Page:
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Bundling for Ortho Payment Means Cardiovascular Isn’t Far Behind

Charles Franc

Two recent announcements about healthcare payment and costs should wake up every CV service line administrator:

The first was the news that Medicare officials are proposing a switch to bundled payments for joint replacement surgeries (see for Saturday, July 11, 2015, and Modern Healthcare July 20, 2015).  For the first time, the program would be mandatory and start in 75 markets, affecting 800 hospitals, with a goal of going mandatory nationwide in two years.  Hospitals would receive a set bundled payment covering all services – including a 90 day post-hospitalization period.  They must either lower their costs to make a profit or accept the losses starting in the second year of the project.  Essentially, this is full financial risk for patients that constitute a $7 billion market for Medicare.

For years, Medicare and private payers have published studies showing the cost variation between hospitals in similar markets, have put together pilot projects to prove principle and even devised programs called “reference pricing” where hospitals are reimbursed no more than the average charge for the market.  This move by Medicare for orthopedics was inevitable given the size of the market and the projected savings of $153 million, and so is the eventual bundling of cardiac surgeries and probably other CV procedures. How many demonstration projects and studies must we see to confirm the inevitability of their next move?  We have all participated in enough bundling projects that we know they can work, although not without challenges, some of them considerable.  Hasn’t the Dartmouth Atlas of Health Care ( been publishing the variations in clinical care and cost of care distributed around the U.S. since the mid 1990’s?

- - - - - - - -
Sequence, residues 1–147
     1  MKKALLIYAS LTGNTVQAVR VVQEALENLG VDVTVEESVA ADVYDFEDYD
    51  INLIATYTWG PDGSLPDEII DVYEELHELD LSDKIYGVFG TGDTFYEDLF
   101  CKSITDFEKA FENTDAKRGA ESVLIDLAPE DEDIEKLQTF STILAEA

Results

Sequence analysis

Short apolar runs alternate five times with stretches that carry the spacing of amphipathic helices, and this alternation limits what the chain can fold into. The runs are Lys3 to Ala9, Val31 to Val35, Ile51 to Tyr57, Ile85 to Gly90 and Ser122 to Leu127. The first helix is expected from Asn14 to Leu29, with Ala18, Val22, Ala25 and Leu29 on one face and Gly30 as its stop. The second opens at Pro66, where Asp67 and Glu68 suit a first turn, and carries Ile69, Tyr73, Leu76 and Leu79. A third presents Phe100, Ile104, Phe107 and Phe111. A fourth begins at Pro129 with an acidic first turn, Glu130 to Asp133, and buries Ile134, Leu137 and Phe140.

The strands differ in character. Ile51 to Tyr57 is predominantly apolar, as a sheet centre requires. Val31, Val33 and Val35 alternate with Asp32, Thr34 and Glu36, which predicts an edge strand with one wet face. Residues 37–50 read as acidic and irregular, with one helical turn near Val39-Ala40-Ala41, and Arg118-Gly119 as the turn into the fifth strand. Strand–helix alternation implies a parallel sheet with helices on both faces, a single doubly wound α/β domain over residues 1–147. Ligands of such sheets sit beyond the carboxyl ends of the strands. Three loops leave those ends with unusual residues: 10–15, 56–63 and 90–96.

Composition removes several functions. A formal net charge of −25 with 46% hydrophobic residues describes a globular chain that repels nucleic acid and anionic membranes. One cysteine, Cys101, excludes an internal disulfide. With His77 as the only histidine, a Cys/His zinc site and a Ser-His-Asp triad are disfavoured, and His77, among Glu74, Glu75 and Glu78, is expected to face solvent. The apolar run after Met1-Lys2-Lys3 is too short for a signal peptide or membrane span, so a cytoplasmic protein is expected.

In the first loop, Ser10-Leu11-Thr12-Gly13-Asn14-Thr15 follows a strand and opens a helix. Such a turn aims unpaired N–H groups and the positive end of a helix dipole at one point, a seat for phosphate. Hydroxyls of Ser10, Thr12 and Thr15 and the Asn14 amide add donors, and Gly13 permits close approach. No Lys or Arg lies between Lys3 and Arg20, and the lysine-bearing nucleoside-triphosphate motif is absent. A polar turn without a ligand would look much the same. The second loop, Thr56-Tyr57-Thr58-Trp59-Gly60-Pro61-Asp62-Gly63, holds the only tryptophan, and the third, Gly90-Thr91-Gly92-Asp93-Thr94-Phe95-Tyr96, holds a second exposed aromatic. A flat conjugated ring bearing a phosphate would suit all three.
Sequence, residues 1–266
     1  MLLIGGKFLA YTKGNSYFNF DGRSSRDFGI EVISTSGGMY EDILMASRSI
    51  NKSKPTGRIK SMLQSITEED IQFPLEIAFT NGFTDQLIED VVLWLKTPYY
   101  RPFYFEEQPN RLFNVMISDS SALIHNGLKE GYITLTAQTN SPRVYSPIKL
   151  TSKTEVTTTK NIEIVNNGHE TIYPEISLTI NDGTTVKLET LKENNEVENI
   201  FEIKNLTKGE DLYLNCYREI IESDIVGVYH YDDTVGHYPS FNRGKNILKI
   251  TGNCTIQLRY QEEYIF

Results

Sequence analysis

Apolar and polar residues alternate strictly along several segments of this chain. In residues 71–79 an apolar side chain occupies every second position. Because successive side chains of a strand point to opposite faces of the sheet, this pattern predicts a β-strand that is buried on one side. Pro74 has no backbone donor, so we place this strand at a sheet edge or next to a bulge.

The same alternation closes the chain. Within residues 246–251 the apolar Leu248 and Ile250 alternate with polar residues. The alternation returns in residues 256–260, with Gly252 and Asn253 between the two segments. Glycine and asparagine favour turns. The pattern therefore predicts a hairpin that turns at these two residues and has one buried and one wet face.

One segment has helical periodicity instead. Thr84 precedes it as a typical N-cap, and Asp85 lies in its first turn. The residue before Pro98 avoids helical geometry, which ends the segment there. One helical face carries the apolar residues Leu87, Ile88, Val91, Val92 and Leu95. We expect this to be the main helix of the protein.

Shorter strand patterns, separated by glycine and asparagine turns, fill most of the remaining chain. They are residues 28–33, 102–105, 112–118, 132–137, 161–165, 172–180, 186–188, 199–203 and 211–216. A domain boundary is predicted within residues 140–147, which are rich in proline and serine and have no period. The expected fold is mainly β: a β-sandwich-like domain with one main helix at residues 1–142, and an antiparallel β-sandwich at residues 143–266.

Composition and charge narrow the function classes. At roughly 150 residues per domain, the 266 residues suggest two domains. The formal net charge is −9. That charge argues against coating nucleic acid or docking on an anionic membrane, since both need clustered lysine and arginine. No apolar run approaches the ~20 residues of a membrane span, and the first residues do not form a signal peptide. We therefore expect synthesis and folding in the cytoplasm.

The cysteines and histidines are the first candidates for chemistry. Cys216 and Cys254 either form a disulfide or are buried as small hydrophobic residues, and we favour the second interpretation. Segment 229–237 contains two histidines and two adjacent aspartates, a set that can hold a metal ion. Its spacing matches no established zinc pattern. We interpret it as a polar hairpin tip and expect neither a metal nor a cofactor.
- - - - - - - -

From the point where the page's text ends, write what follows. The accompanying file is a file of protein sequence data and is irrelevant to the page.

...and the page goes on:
Further proof came July 16th with the publication of the BlueCross/BlueShield study on cost variation for PCI in the U.S. (see www.  Once again, another study points out the considerable cost variation among hospitals for PCI in major metro areas in the U.S.  Fully half the major metro areas (MMA) have variations over 100%.  The more facilities in an MMA, the more variability there was.  This is the kind of information both Medicare and private payers need to further their goal of shifting aggressively away from fee-for-service reimbursement.

The question at hand is not “whether or not” but rather “when” will Medicare dictate mandatory bundling for cardiac services?  CFA believes that bundling or some similar risk-based reimbursement model is inevitable in the near term.

CFA’s senior consultants began “package pricing” (the term then for today’s “bundling”) in the early 1990’s and recognize the challenges hospitals and health system face in this process.  The complexity is now compounded by having to guarantee a price for an episode of care – from pre-hospitalization, through hospitalization, into post-discharge care for a specific period of time.  A commitment to bundling care begins with an organizational assessment of the overall capabilities and commitment of the hospital to begin the process required.  In the next blog post, CFA will address these capabilities and commitments so that you can evaluate your ability to get started.

As always, CFA invites your comments, questions and suggestions.

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